When Professor Ellen Beate Hansen Sandseter encounters researcher colleagues abroad, they implore her to help preserve something for which Norwegian kindergartens are famous: In Norway, children are allowed to climb trees.
Norway is a role model for many who work in early-childhood education in other countries. Many look up to us because we still do things this way. Also, they realise how difficult it can be to reverse direction if well-intentioned individuals are intent on putting children’s safety above all.
In the international arena, early-childhood education and care (ECEC) researchers and ECEC managers are increasingly concerned that we will be depriving the youngest children of their childhoods as well as of opportunities to play if we put too many restrictions on their activities. The UK and Australia are two of the countries looking to Norway as they try to reverse this trend.
The question is whether it is dangerous to let children dare to take some minor risks, the way we do in Norway?
How many children sustain injuries?
Sandseter and research colleague Ole Johan Sando conducted a survey to map all accidents in Norwegian ECEC settings in 2012.
Their study indicates that 1 out of 10 children injure themselves in a Norwegian ECEC setting each year. A total of 98 per cent of these incidents were limited to minor injuries like scrapes and bruises. Only 0.2 per cent of the children in Norwegian ECEC settings sustain a serious injury during the course of a year.
‘The injury rate is very low, considering how much children play outdoors in Norwegian preschools’, concludes Sandseter.
‘Before introducing a ban on climbing trees or onto the roof of the playhouse, we should ask ourselves whether such a ban is really in the children’s best interest.’
Removing playhouses and climbing equipment
In the same study, the researchers received open-ended answers to questions about risk and safety measures from 879 ECEC managers.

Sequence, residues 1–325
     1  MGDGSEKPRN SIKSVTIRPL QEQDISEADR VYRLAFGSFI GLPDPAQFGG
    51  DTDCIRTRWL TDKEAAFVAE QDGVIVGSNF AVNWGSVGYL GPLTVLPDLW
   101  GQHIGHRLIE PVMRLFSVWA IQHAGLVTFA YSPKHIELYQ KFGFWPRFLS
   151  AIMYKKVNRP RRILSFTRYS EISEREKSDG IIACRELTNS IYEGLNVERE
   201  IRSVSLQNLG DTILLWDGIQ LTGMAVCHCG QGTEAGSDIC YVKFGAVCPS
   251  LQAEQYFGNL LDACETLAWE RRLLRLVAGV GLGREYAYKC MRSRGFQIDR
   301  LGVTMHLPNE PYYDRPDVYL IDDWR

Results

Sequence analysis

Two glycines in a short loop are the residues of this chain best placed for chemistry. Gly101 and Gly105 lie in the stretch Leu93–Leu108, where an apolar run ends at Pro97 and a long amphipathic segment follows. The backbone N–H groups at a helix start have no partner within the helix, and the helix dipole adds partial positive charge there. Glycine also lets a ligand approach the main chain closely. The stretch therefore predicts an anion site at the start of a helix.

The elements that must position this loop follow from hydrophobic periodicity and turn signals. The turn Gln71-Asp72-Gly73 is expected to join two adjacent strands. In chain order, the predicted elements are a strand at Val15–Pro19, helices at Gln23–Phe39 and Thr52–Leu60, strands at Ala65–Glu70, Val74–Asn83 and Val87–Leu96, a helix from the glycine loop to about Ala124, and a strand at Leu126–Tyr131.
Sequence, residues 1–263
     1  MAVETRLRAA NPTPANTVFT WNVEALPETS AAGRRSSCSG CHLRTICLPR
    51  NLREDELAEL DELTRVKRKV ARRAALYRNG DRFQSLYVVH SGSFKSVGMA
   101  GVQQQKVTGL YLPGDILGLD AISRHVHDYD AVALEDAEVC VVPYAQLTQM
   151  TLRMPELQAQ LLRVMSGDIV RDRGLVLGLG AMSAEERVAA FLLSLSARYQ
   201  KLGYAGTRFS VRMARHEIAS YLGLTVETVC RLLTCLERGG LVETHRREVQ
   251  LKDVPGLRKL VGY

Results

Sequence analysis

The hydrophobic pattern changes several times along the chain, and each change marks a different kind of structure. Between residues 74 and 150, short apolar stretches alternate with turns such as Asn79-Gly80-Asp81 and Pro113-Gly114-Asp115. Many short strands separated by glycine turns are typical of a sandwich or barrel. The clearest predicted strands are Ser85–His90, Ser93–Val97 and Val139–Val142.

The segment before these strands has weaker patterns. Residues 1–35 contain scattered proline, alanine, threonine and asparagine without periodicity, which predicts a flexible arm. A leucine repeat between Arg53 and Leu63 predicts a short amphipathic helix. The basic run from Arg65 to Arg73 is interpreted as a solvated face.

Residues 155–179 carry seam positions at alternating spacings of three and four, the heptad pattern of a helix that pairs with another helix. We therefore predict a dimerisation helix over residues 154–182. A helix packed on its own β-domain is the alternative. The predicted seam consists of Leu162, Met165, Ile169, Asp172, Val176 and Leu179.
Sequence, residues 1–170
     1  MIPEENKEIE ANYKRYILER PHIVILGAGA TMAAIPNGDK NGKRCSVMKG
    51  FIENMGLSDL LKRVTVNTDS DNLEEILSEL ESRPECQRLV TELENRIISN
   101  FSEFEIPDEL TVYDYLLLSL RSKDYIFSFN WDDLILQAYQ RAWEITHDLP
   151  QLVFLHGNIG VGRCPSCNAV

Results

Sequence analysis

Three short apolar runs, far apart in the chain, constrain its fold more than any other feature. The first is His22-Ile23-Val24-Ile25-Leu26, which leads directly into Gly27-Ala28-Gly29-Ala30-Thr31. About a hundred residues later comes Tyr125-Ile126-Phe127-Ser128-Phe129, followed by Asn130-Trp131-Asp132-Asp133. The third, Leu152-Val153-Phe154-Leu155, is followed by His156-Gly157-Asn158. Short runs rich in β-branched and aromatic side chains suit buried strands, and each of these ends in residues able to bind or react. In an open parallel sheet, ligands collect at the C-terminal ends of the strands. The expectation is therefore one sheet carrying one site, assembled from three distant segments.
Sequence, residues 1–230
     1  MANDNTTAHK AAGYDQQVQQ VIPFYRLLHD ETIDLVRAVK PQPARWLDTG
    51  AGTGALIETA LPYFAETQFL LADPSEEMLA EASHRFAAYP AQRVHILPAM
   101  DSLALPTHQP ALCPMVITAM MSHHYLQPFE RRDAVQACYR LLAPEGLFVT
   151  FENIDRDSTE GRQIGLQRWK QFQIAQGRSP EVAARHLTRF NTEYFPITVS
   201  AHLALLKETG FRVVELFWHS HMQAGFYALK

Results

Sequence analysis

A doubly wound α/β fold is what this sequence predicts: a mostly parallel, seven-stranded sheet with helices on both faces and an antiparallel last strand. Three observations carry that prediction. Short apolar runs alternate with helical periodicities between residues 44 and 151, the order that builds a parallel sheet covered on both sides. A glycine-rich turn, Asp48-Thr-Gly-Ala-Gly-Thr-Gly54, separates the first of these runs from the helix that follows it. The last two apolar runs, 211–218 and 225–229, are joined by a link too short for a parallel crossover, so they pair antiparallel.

A total of 28 per cent of the respondents said that restrictions had been introduced in the ECEC facility out of concern for children’s safety.
Most of the ECEC managers mentioned restrictions on children’s play and activities.
Somewhat fewer reported that climbing equipment had been removed, or that branches had been sawed off trees. Some mentioned restrictions on children’s outdoor activities when it is slippery outside.
The researchers were also told of playhouses that had been removed for fear children would fall from the roof. Swings and other playground equipment had also been removed. Some managers reported bans on riding tricycles downhill. Others had prohibited climbing on fences.
‘Prohibiting something is such an easy solution’
‘There are not many preschool facilities in Norway that would stop children from climbing trees, but some have done so and others may follow suit’, observes Sandseter.
The expert on safety in ECEC settings is afraid that we are not aware of what is happening; things are changing.
‘Naturally, it is very easy simply to introduce a ban on something that someone considers dangerous. A ban on climbing trees is easier than dealing with climbing as a routine practical or educational challenge’, adds Sandseter.